Nations fall apart when leadership is weak in ethics and values. It weakens the inward moral compass to become an unreliable source of direction, and eventually dashes the national vessel against the rocky shores of destruction.
Don’t mistake the lack of values to lack of intelligence. Many despots have been educated in some of the greatest Universities on the planet. However, they were instructed on how to manage resources and build PR campaigns, but were never instructed how to manage their personal life. They never learned the truth of how important personal ethics and values would be in the effectiveness of their leadership. Learning the mechanics of governing or managing is one thing, but developing one’s character is quite something else.
To leave a lasting legacy on future generations; it will require a moral code of ethics that are adhered to.
The inward establishment of moral principles and ethics act as a security system. It alerts and sounds the alarm when outward temptations and circumstances assail our lives with the purpose to compromise ethical standards. These outward pressures can threaten our positive influence by significantly reducing our willpower, common sense, and better judgment. These honorable principles safeguard us from personal intruders shaped in the form of our own human frailties, that cause us to rationalize immoral behavior and take ethical shortcuts. Eventually we feel justified and everyone else is the blame for the failure, and the exploitation of people becomes the norm.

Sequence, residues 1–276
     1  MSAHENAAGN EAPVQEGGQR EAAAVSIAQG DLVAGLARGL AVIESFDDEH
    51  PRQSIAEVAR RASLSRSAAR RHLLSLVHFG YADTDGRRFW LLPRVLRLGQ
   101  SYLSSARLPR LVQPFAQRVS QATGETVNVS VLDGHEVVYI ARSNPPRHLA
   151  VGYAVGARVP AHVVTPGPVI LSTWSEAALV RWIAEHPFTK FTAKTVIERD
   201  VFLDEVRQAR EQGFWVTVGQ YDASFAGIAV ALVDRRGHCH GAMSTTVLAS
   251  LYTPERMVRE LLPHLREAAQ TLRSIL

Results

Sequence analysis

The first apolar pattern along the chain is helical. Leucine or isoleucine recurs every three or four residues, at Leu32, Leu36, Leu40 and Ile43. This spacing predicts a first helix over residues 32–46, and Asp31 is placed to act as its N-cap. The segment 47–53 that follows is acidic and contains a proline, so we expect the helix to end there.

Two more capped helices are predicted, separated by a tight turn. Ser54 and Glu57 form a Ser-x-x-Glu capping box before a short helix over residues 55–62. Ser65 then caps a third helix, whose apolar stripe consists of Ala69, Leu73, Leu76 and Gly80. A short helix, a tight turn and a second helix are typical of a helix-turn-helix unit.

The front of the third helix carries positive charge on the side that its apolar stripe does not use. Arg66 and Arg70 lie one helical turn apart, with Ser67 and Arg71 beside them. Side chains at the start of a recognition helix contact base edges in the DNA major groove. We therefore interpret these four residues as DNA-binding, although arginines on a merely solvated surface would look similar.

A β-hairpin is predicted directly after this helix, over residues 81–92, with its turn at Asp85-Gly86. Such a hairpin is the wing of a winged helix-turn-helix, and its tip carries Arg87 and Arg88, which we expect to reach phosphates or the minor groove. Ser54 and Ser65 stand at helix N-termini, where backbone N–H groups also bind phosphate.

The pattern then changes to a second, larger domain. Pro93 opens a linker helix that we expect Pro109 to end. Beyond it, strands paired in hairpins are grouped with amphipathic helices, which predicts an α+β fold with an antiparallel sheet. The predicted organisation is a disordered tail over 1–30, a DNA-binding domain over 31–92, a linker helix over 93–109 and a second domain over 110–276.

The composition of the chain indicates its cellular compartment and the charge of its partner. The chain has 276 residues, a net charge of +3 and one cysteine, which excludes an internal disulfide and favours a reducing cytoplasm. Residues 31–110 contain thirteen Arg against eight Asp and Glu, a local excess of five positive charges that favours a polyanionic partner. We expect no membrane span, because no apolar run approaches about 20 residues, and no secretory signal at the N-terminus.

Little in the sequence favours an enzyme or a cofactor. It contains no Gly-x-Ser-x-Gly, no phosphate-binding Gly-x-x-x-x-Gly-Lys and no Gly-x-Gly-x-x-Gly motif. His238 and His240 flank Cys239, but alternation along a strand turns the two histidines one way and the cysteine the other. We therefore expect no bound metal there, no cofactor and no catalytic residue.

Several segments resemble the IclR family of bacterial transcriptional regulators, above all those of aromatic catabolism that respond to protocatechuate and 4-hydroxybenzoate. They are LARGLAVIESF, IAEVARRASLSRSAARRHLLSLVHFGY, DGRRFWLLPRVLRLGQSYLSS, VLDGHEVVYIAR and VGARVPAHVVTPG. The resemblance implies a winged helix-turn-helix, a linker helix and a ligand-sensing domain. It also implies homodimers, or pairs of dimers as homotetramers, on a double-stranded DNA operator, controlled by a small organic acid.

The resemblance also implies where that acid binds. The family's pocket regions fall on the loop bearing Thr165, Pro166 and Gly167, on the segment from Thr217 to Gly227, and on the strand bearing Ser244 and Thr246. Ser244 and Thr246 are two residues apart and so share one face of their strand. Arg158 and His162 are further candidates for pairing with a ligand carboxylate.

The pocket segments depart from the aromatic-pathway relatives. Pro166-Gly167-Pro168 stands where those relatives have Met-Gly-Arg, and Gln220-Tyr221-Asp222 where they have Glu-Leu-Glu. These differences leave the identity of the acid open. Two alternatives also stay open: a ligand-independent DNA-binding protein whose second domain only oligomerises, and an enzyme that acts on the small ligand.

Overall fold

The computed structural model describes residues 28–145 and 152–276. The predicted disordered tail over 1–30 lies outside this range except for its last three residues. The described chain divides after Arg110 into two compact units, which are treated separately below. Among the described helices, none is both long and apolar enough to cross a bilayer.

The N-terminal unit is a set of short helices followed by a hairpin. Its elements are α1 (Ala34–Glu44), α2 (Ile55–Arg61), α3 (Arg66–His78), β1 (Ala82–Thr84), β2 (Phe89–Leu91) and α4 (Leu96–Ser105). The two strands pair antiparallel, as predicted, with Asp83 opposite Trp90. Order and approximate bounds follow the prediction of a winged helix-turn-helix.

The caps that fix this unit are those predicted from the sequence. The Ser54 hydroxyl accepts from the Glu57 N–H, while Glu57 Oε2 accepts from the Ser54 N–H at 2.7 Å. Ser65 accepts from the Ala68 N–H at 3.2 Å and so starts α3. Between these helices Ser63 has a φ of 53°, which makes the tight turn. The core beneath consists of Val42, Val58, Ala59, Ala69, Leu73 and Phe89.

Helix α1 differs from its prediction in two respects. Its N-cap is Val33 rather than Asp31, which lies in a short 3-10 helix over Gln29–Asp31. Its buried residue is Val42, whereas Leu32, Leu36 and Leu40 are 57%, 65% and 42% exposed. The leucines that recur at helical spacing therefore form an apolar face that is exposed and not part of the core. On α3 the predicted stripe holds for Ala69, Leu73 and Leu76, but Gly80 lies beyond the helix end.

How a person treats those who can do nothing for him, will demonstrate the inward character of the individual.
The inner life of a future leader must be developed first before the mechanics and processes of leadership. If we do the latter first, pride and ego will mushroom into a tyrant of using people as pawns to achieve a selfish vision. The legacy ends when the leader dies in such a case. If a future leader develops the inner-self into a concrete foundation of unwavering adherence to the high standard of morals which dictate right and wrong, and valuing others as superior to any material object. Then, ALL people will benefit and a legacy will be solidified for generations to come.
The challenge of leadership is to be strong, but not rude; be kind, but not weak; be bold, but not bully; be thoughtful, but not lazy; be humble, but not timid; be proud, but not arrogant; have humor, but without folly. – Jim Rohn
Reuben Egolf – Chairman of the United States Global Leadership Council
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Washington, DC 20006